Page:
Storybook finish for Gait

RYAN PYETTE -- London Free Press

, Last Updated: 10:42 AM ET

The pillars of world field lacrosse have shaken and crumbled to the ground.

In a sport historically dominated by the United States, host Team Canada denied the mighty American machine a seventh straight title with a convincing 15-10 victory for this country's first gold medal in nearly 30 years at the world championships before an announced crowd of 7,735 in mostly steady rain yesterday afternoon at TD Waterhouse Stadium.

Playing in his final international game, Canadian lacrosse legend Gary Gait exploded for four goals in the fourth quarter to underline a true storybook finish.

"It was the only championship I hadn't won and now I can fade off into the sunset," the 39-year-old Gait said with a big grin. "I first tried out for this team 22 years ago so it was a long time coming."

The Canadian victory snapped the Americans' 28-year unbeaten string and 38-game winning streak at the worlds. Their only other loss in the tournament was to Canada in overtime at the 1978 worlds in Stockport, England.

"It's an unbelievable feeling to do something like this," said Canadian attacker Jeff Zywicki, who scored four times in the first half. "We knew what it would take and we came out and worked our asses off for 80 minutes."

Canadian faceoff guru Geoff Snider, who finished 19-for-28 yesterday, was selected the tournament MVP. The 25-year-old Calgary native helped his team dominate first possession in the tournament and his quick hands were a key to the historic win.

"When they called my name, I couldn't believe it," he said. "Really, I'm just a small part of this. We had a close group of guys -- just a bunch of idiots put together in a dorm room for a couple of weeks -- and every one of them is a first-class guy.

"We wanted to win this for Gary. He is the reason this sport was able to get off the ground in North America and he was our motivation."

Gait was quiet for much of the game and U.S. defender John Gagliardi performed an admirable job of keeping Canadian offensive leader John Grant Jr. frustrated. But Canada had others -- 21-year-old injury replacement Jordan Hall, Gavin Prout and Zywicki -- rise to the occasion before Gait and Grant took over in the final 15 minutes.

"When it was our turn to step up, we did our job but this was a complete team effort," Gait said. "We picked this team not necessarily with the best lacrosse players -- we could've added more attack or defence -- but everybody on this team had a role. This was the best defence Canada has ever had and they proved they're the best in the world."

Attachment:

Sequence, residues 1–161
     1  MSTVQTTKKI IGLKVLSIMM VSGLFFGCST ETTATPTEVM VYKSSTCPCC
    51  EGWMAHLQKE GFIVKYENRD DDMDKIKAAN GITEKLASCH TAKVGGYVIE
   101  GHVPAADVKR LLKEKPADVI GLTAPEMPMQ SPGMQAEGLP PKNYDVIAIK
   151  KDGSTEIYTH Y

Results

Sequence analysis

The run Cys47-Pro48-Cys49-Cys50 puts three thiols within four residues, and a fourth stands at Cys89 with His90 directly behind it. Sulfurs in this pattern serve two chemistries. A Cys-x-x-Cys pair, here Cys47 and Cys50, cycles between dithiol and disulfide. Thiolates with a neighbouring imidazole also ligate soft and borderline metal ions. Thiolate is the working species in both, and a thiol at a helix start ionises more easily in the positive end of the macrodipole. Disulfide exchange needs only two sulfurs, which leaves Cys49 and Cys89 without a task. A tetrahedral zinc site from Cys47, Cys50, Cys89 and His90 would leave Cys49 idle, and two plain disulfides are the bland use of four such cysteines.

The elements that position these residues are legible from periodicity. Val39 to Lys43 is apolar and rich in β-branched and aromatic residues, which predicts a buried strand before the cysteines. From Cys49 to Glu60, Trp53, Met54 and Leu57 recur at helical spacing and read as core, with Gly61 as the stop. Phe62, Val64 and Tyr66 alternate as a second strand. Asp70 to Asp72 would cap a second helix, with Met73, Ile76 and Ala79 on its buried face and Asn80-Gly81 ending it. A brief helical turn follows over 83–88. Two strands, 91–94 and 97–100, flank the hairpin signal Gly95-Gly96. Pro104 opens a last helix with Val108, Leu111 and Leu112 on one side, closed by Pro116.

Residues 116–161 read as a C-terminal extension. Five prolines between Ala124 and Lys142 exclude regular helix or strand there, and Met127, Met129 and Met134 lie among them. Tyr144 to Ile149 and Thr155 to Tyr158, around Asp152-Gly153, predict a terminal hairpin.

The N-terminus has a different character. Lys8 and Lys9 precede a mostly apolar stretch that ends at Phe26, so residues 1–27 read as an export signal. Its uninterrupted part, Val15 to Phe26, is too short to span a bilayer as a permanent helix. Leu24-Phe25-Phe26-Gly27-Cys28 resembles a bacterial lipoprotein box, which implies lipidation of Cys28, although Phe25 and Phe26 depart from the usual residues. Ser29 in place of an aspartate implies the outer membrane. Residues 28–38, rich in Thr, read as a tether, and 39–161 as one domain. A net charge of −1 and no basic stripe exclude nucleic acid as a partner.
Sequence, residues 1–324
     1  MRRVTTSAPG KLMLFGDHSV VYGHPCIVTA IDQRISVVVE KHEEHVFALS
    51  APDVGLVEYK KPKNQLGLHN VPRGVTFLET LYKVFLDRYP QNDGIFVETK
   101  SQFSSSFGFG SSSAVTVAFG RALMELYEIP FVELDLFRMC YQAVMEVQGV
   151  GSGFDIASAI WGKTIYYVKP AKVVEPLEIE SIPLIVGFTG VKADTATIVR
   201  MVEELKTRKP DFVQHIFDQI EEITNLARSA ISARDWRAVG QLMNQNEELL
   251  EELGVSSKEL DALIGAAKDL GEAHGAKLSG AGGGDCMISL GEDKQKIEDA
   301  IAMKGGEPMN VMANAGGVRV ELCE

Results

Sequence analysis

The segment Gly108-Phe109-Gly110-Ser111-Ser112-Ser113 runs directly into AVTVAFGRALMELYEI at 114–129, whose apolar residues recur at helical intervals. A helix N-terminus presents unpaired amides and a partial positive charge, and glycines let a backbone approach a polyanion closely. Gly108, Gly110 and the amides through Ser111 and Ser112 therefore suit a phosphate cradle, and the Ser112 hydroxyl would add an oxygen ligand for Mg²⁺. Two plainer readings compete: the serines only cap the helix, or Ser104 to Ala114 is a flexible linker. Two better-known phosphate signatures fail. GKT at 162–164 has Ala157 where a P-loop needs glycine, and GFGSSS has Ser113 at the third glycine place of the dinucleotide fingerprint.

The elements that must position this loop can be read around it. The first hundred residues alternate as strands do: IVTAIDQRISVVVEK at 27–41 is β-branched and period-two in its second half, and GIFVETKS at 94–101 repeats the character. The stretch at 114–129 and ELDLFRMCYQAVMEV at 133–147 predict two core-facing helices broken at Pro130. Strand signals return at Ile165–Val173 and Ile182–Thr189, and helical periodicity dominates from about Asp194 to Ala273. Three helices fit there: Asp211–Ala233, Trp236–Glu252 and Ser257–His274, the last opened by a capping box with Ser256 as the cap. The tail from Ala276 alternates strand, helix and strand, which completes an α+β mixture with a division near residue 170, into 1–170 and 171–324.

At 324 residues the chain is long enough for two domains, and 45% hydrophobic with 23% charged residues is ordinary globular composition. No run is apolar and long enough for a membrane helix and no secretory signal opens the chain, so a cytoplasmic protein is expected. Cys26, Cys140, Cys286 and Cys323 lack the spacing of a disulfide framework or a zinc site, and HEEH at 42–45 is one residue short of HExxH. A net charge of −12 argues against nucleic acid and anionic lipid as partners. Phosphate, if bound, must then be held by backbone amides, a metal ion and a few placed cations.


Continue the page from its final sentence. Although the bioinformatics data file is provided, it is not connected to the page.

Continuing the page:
The 10 goals scored by the U.S. was its lowest total since the tournament started in 1967. Canadian goalie Chris Sanderson, who adds a gold medal to two previous silver medals, made 14 saves on the heavy-shooting Americans.

The highly skilled U.S. squad -- led by brothers Michael, Casey and Ryan Powell -- felt it couldn't generate late momentum and Snider's faceoff wins were the difference. It didn't help that shifty Michael Powell rolled his ankle in the first half, repeating an injury he suffered before the tournament.

"We didn't win enough draws -- give him (Snider) credit," Michael Powell said. "Hopefully, we come back in four years and get them but they played a great game and I just hope I can forget about this.

"We had a good run going but we all know Gary Gait's the greatest player of all time and it was a matter of time before he got it going and we didn't respond."

Just as Gait got going, the sun came out and it seemed even Mother Nature wanted him to enjoy his swan song.

"He's had a storybook career since he was 17 years old," Canadian head coach Frank Nielsen said. "Him and his (twin) brother Paul, they've won everything there is to win in this game and for him to come back and finish with this . . . ."

Yes, it's amazing.

The U.S. started with Trevor Tierney in goal and made their usual switch to Chris Garrity for the second half but went back to Tierney for the fourth quarter.

Tierney's father Bill and American attacker Scott Urick's dad Dave both were former coaches of the national team and won the world title -- Bill Tierney in 1998 in Baltimore and Dave Urick in 1986 in Toronto.

The first goal of the game didn't come until 9:50 into the first quarter, when Ryan Powell struck for a power-play marker. The U.S. led 5-3 late in the second quarter but an inspired Canada rallied for three straight goals and Toronto Rock's Colin Doyle, a Waterloo native, scored 2:18 before halftime to give the home side its first lead -- 6-5.

Earlier in the day, Australia beat the Iroquois Nationals 21-8 to claim the bronze medal. Aussie attack star Brendan Mundorf scored six goals to lead the barrage.


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